‘Dart Fisher’ enhancements
Mon, 23 March 2015
James Fisher Marine Services has bolstered the capability of its 25m offshore support vessel with a series of modifications and enhancements carried out during a three-week refit.
The aluminium twin-hulled Dart Fisher has been in service since Spring last year and has attracted utilisation of around 75 per cent with a schedule of charters and operations primarily linked to offshore renewables.
James Fisher Marine Operations Project Manager Andy Nattrass explained: “It has proven to be an extremely versatile craft. We didn’t just want a crew transfer vessel but one that was multi-purpose, even to the extent that it could be used by our defence arm as a test bed. The result is a versatile boat that can be developed further, for example we’re looking at a refuelling capability either for the boat itself or for other offshore applications.”
Among the work packages completed by Dart Fisher over the past year have been retrieving test data from a proposed wind farm on Dogger Bank some 120 miles off Grimsby; maintenance of a meteorological mast; windfarm maintenance and support off areas including northern Germany and Liverpool Bay, off the UK west Coast; and acting as a platform for rotary drones carrying out inspection and monitoring work on another meteorological mast.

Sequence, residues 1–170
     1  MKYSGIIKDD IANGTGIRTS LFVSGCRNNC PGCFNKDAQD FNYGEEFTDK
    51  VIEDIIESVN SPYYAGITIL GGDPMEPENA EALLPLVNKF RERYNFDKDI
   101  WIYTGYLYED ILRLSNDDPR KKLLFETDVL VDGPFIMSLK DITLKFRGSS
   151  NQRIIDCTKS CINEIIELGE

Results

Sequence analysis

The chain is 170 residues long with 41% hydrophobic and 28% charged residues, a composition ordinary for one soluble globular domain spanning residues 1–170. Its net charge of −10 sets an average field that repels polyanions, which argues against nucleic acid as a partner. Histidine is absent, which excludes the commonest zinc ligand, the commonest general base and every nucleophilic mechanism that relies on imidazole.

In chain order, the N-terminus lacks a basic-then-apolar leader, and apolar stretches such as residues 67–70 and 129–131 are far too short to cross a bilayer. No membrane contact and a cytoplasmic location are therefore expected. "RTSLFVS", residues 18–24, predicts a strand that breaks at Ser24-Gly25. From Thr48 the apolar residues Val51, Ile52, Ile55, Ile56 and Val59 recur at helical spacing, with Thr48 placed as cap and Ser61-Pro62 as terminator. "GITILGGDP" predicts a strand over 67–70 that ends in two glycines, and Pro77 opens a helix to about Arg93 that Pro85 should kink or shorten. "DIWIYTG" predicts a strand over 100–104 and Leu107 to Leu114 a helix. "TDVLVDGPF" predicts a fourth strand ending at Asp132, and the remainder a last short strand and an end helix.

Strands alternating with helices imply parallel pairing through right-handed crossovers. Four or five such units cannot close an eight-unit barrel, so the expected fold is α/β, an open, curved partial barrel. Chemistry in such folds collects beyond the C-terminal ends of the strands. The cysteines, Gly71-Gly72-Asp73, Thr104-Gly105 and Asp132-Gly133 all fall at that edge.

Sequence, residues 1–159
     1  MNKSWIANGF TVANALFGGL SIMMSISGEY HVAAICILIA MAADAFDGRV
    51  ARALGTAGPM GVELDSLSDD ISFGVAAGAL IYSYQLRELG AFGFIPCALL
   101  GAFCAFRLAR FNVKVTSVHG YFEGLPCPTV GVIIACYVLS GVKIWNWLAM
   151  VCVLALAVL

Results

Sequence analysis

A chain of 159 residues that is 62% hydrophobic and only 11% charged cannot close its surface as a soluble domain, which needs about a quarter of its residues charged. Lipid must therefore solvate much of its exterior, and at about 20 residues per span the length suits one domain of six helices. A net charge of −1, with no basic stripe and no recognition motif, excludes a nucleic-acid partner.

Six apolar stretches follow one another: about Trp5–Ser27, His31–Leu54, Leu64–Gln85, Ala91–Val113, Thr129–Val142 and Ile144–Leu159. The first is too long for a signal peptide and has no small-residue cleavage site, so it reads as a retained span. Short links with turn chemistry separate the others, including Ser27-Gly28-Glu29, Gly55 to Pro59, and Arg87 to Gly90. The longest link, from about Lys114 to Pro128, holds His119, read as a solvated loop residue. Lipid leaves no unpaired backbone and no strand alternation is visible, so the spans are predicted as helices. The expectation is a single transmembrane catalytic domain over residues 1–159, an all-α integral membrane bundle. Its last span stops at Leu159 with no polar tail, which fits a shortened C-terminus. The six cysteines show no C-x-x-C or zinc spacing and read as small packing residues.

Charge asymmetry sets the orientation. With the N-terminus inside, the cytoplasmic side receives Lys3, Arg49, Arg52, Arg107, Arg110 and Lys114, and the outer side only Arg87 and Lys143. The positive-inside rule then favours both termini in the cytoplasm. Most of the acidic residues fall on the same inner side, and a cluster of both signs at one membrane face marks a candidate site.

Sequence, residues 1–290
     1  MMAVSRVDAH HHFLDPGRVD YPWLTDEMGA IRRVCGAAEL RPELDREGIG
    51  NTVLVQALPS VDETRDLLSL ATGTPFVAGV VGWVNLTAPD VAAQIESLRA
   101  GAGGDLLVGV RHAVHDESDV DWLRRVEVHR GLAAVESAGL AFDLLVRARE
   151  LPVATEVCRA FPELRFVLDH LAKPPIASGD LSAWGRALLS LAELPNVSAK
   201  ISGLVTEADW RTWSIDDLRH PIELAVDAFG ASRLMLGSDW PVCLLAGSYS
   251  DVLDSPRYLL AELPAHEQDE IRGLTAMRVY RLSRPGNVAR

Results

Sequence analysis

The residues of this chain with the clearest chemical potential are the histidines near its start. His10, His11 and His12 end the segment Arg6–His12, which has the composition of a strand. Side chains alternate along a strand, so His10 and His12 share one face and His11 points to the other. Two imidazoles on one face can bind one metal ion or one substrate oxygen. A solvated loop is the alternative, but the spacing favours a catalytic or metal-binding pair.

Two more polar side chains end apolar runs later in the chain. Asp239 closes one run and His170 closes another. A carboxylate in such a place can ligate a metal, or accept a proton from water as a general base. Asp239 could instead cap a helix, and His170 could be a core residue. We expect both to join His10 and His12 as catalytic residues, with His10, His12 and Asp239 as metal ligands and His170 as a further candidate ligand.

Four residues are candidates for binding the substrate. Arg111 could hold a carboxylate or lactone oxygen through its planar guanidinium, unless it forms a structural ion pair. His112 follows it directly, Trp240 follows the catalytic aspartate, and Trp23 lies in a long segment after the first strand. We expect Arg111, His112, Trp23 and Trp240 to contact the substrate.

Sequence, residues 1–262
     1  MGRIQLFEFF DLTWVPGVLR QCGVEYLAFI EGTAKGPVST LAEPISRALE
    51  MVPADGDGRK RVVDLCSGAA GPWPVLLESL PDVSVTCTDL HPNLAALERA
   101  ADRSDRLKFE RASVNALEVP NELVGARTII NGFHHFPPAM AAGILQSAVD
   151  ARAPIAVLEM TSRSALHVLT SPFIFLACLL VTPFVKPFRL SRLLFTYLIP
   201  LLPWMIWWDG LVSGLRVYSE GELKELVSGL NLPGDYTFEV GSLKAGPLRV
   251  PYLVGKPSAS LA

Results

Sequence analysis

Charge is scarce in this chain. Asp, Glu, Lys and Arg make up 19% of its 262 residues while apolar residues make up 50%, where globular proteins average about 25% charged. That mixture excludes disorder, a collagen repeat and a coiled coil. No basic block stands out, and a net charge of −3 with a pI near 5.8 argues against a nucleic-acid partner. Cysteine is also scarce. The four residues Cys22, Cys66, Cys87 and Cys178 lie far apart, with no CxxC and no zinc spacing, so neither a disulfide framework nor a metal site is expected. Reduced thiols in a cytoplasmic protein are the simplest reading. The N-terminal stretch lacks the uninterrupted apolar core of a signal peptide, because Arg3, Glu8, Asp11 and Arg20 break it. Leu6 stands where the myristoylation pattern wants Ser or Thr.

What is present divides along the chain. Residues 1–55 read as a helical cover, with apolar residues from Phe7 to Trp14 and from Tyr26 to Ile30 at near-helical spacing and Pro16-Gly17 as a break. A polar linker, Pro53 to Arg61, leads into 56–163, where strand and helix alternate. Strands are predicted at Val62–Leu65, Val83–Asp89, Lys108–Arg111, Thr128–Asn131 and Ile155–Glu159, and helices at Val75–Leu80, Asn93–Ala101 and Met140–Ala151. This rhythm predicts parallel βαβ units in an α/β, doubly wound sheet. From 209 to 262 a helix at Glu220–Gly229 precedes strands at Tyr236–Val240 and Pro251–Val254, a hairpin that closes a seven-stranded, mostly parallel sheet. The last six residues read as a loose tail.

Dart Fisher’s recent enhancement programme has been carried out by Griffon Hoverwork at their riverside hovercraft manufacturing facilities in Southampton.
She was lifted onto Griffon’s riverside hard standing by a mobile crane and the company oversaw a wide range of work including fitting two 40hp bow thrusters, a crane pedestal, a vessel motion monitoring system, upgrading air conditioning, improving bow fenders and installing an intelligent fendering system that monitors the force used when the vessel pushes against a wind turbine mast. The system was developed by James Fisher in conjunction with its Isle of Wight based systems subsidiary Strangestall.
James Fisher selected Griffon for the company’s first major non-hovercraft refit because of its aluminium skills, regularly used in hovercraft builds.
“The aluminium skills at Griffon are second to none. It’s not an easy material to work with and we need to ensure that all the welds are as good as possible. Griffon ticks all the boxes,” explained Nattrass.
Dart Fisher is the first SMV24 offshore support vessel developed and designed by Devon-based engineering house Supacat, which worked on the design in conjunction with Australian naval architects Incat Crowther and commissioned Mustang Marine in South Wales for the build.
One of the boat’s major assets is a spacious through deck capable of housing three standard 20ft ISO containers with a maximum payload of 30 tonnes that can include accommodation modules for longer periods at sea. Twin MAN V12 D2862 engines provide a total of 2800hp and power twin controllable pitch propellers, offering speeds up to 30 knots empty or 25 knots fully loaded.
The success of the vessel has meant that James Fisher has already put in motion the acquisition of long-lead items for a second boat.
During the enhancement, the company took the opportunity to dedicate the Dart Fisher officially, with Renewable UK Chief Executive Maria McCaffery acting as godmother.